This particular quartet, which was not performed until 1953, one year after Stalin’s death, features winding counterpoint lines typical of Shostakovich, as well as strong Jewish folk influences. Although folk influence was normally a vehicle to show solidarity with proletarian ideals, his long-standing interest in Jewish folk music became a liability as Stalin’s post-war policies became more openly anti-Semitic.
The first movement opens cheerfully in a lush, pastoral mood, an extended octave drone evoking folk instruments. The composer begins to introduce counterpoint, the texture becoming more complex and dissonant. Towards the end of the movement the music calms, ending on a more restful note, though slightly wistful. Featuring the first violin in a waltz with accompaniment, the second movement is poignant, as if the melody were a bittersweet memory of bygone days.
The perpetual energy of the third movement is propelled forward by restless staccatos; the mood is nervous and anticipatory. Adopting a folk-like melody, the composer introduces it at first in unison, then again accompanied by a more driving rhythm. Marked attacca, this movement is linked to the next by a sustained C in the viola.
The longest movement, the fourth movement also features the most obvious use of Jewish themes. A dance of lamentation, Shostakovich evokes a common feature of Jewish music, in which unspeakable tragedy is expressed through a wild, energetic dance. Typical of Shostakovich, the tone borders on the grotesque; however, rather than building to a dramatic finish, the dance fades out slowly, ending with a solemn, chorale-like passage.
Czech composer Antonín Dvořák (1841-1904) often incorporated folk influences in his music, integrating them into a Western classical Romantic style. His music combines a gift for melody with skill in the Germanic tradition of counterpoint and thematic development. Composed in 1880, Dvořák’s Gypsy Songs set poems from a collection by Adolf Heyduk to music; the poet did his own translations.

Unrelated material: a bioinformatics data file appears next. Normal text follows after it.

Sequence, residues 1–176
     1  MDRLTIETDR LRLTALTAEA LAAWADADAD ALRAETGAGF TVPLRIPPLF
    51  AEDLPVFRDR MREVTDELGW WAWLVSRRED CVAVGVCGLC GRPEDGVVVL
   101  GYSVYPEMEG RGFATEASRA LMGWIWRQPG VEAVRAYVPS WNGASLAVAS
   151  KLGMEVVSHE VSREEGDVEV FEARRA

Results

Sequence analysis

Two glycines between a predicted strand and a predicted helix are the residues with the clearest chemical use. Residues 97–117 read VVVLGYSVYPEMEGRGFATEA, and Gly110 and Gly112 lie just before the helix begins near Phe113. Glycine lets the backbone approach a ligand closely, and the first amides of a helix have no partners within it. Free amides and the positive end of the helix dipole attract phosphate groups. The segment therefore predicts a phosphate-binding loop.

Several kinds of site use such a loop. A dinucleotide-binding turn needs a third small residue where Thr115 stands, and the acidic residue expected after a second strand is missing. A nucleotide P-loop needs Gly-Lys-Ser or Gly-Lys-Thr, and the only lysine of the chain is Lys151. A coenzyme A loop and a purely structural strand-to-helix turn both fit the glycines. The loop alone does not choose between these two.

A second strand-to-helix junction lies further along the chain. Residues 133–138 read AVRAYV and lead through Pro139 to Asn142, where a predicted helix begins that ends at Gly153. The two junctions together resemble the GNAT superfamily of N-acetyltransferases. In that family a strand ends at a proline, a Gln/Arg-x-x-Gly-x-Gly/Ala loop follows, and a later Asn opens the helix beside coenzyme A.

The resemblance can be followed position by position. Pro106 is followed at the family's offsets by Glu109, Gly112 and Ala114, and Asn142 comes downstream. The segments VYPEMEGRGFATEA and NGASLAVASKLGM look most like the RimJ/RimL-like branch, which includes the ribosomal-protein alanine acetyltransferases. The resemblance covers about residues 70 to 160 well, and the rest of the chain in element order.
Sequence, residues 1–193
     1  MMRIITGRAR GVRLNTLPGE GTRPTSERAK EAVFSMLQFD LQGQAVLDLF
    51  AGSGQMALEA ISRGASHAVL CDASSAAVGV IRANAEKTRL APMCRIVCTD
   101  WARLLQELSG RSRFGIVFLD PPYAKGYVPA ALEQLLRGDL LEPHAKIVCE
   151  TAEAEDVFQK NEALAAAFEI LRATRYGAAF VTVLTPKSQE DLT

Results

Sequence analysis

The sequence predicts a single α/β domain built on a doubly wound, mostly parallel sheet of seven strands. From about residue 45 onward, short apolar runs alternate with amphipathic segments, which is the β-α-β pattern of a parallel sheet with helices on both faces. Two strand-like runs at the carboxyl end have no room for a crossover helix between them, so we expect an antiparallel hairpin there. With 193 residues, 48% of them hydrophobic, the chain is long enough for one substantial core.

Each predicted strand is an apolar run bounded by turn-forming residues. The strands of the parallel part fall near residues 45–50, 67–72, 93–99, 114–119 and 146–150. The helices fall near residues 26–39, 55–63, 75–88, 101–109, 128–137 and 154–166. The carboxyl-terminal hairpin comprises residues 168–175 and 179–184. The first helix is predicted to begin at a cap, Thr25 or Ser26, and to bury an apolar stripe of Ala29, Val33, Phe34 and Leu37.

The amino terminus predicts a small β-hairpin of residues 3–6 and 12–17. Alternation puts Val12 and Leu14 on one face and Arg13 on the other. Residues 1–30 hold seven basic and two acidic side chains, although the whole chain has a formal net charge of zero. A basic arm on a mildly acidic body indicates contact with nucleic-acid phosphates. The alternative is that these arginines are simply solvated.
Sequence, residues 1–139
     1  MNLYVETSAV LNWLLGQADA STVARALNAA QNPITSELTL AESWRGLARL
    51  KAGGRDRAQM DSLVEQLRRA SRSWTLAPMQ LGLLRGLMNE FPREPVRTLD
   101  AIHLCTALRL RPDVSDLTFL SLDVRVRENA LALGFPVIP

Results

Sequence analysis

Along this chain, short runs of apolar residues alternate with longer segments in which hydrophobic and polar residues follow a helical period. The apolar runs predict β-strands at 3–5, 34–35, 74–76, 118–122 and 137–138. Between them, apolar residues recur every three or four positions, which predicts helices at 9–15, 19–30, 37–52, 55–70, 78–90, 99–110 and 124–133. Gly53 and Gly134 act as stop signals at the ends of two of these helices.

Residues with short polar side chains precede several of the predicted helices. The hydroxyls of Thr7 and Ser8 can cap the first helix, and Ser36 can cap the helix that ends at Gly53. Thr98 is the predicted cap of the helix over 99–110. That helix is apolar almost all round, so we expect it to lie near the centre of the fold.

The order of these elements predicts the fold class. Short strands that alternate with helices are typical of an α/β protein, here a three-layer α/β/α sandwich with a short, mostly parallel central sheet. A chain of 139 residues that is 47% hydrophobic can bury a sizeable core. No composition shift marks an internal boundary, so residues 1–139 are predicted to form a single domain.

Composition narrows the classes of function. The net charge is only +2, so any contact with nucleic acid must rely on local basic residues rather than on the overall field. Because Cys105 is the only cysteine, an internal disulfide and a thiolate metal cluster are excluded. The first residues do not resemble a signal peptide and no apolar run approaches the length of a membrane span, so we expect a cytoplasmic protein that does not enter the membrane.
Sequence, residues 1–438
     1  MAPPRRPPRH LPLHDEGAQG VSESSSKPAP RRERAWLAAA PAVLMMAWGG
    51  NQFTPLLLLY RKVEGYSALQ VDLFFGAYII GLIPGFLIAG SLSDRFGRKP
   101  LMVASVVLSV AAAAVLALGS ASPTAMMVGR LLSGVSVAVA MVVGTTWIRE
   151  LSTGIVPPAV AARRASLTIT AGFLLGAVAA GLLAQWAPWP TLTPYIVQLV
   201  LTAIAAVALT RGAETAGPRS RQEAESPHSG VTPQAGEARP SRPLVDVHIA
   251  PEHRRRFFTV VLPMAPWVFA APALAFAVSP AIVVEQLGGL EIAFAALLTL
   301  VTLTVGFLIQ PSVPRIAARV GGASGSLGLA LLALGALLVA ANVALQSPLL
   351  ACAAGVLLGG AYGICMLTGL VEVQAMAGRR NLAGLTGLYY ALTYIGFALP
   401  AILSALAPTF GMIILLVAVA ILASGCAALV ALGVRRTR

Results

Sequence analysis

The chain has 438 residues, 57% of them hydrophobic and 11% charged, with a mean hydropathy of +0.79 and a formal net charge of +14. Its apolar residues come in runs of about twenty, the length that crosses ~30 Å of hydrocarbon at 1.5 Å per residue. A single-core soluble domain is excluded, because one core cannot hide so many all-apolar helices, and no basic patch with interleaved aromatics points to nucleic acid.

These songs reflect a fashion at the time for exoticism; the traditionally ‘gypsy’ values of freedom, closeness to nature, and fiery passion appealed to the Romantic spirit. In his song cycle, Dvořák does not attempt to use authentic Romani music, but rather evokes an exotic mood through more general stylization. For example, the songs are largely strophic, with variations between the stanzas. There are folk elements in the rhythms and melodies, as well as allusions in the accompaniments to the cimbalom, a hammered dulcimer associated with folk music ensembles.
In “Mein Lied ertönt” the singer longs for his homeland, and yet revels in the freedom of a nomadic lifestyle. Dvořák’s melody has all the charm of an authentic folk song; the mood is wild and bold, but turns soft at the mention of the singer’s homeland. “Ei, wie mein Triangel” is a passionate dance, flying in the face of looming death. Dvořák paints this defiance in the accompaniment, the cheerful ringing of the triangle mocking death’s gloomy shadow.